Aussie athletes reveal 'scary' COVID toll

Half the athletes said they currently earn less than $23,000 a year, well below the national minimum
Half the athletes said they currently earn less than $23,000 a year, well below the national minimum

The financial, mental and physical scars of the COVID-19 pandemic on Australia's athletes have been laid bare in a new report and could linger long after the Tokyo Olympics.

The Australian Sports Foundation report, released on Tuesday and based on an anonymous survey, found athletes' ability to perform on the national and international stage has worsened amid the global health crisis.

Of the 521 athletes polled late last year, nearly 61 per cent reported financial losses stemming from the COVID-19 pandemic.

Further, about half the national and international athletes said they currently earned less than $23,000 a year from all sources of income, well below the national minimum of $39,000.

"I'm not sure if I can afford to continue participating in sport to the same level as I did pre COVID-19," a female international bobsledder said.

A female international volleyballer said she had to get a job on top of sport and study commitments to support her family, while an international gymnast lost her casual job altogether during a lockdown.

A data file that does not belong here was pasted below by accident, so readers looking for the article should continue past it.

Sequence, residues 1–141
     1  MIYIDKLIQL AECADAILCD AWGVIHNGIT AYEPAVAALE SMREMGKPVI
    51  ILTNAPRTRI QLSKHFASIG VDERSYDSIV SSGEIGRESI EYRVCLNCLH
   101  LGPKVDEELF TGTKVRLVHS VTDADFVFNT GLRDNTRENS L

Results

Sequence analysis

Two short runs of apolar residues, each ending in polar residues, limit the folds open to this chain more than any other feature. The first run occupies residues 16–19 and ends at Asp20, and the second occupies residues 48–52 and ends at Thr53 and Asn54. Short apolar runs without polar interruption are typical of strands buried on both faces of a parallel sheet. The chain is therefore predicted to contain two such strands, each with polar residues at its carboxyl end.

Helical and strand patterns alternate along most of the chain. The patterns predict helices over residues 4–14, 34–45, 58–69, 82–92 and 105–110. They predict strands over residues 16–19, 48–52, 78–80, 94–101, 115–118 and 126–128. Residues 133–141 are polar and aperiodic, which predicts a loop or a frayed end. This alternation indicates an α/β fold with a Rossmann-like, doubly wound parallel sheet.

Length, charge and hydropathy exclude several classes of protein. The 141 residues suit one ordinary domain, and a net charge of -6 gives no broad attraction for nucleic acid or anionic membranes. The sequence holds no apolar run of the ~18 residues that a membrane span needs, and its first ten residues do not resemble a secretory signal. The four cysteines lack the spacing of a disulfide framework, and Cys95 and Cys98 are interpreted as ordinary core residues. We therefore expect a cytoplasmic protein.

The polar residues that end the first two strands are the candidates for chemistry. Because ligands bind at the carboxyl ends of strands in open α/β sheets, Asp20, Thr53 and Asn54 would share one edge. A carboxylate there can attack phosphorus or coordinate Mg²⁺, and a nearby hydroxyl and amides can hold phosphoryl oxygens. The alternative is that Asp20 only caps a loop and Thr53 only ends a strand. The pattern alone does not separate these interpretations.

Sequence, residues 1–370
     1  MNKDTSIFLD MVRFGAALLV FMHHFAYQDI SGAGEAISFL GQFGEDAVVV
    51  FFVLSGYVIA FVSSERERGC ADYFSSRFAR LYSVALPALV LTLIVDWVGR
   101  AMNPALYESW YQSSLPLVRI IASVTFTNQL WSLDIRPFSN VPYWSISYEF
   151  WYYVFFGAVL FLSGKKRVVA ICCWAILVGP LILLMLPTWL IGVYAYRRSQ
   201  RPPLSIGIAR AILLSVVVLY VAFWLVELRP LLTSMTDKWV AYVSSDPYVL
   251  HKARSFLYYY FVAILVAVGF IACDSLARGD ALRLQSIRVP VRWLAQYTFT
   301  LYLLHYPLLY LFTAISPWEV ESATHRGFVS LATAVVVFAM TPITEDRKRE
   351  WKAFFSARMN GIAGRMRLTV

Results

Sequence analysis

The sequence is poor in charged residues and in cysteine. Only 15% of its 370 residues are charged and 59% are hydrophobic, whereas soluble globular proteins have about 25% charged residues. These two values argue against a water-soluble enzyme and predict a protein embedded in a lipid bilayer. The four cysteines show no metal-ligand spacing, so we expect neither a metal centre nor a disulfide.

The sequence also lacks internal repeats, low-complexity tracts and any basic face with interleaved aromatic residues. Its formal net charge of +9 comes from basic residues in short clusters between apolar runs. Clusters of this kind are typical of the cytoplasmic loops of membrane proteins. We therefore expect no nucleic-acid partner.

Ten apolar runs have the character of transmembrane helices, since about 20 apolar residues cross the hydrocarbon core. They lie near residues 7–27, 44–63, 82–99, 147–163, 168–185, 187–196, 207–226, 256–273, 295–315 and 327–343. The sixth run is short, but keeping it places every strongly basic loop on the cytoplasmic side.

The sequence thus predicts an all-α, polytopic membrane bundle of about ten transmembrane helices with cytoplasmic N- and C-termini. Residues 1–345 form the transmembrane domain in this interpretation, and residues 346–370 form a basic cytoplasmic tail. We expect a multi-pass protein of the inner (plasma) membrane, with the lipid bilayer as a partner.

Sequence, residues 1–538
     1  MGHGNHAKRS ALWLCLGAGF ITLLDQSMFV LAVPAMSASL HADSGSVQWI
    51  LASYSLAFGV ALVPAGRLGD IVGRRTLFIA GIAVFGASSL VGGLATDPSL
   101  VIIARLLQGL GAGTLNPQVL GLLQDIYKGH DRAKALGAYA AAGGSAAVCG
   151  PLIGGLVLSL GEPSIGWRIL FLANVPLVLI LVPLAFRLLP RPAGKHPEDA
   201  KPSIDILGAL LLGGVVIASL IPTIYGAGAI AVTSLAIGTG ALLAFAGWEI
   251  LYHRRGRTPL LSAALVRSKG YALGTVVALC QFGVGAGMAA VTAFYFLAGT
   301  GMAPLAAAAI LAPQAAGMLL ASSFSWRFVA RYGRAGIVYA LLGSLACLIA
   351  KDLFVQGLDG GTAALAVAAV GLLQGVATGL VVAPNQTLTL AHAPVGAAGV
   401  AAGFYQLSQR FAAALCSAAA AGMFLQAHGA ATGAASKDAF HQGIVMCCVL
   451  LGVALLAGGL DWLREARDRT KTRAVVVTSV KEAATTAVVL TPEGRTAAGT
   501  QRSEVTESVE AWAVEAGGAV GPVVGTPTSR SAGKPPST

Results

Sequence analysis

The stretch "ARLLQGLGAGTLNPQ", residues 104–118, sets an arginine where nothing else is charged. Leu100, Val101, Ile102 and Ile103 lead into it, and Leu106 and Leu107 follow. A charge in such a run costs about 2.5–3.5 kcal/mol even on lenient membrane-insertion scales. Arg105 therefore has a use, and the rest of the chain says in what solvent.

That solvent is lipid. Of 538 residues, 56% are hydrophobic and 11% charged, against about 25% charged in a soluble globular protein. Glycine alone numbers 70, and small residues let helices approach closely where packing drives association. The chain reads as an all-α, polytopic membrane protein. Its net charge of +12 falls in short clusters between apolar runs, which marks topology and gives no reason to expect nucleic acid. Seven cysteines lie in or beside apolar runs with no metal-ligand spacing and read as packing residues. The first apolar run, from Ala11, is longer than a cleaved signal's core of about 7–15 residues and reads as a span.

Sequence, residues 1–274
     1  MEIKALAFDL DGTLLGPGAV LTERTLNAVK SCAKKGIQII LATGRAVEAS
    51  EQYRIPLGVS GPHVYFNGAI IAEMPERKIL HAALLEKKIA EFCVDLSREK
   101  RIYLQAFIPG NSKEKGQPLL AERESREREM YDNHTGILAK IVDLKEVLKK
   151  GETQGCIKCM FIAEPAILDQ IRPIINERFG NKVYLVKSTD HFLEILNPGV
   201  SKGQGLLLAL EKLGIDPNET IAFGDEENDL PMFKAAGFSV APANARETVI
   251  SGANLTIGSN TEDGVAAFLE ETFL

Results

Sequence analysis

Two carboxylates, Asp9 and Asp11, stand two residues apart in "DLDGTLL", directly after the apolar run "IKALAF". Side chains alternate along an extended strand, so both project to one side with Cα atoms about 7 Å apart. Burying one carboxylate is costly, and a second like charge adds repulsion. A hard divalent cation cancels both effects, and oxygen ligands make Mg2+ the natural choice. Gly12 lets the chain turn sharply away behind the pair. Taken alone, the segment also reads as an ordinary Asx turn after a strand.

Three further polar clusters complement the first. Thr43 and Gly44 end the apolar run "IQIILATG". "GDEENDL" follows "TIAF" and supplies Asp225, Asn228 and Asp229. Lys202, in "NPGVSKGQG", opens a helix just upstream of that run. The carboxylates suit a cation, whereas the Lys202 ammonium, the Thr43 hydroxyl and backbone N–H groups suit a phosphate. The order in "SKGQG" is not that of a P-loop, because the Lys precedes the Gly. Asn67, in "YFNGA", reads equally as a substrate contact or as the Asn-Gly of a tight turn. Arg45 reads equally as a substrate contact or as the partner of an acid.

When Australian athletes turned to the government for support, only 28 per cent qualified for JobKeeper or JobSeeker.

An Australian snowsports athlete stranded in France said he could not muster up the money to fly home.

"I had no job because of this ... but I also didn't get any job keeper/seeker payments," he wrote.

The pandemic didn't just burn a hole in athletes' hip pockets, with most reporting poorer mental (86 per cent) and physical health (73 per cent).

One state swimmer said she developed an eating disorder "due to the challenges and stresses and lack of escape through sport".

"The drop into oblivion was fast and scary. The road out will be long and hard," the para-athlete said.

If disruptions continued through 2021, as they have, close to 17 per cent of the international athletes said they would contemplate retirement.

The ASF report warned the loss of some of the nation's best and most experienced athletes could lead to "brain drain", creating a future dearth of sports mentors, coaches and advocates.

"This has the potential to negatively impact both community engagement and participation and the future success of our national, Olympic, Paralympic and Commonwealth Games teams in the longer term," it said.

"(It is) a particular concern given the likelihood of Australia hosting the 2032 Olympic and Paralympic Games."

The ASF poll was open for eight weeks, with 96 per cent of athlete responses from those outside major professional sports including Australian rules, soccer and cricket.

Australian Associated Press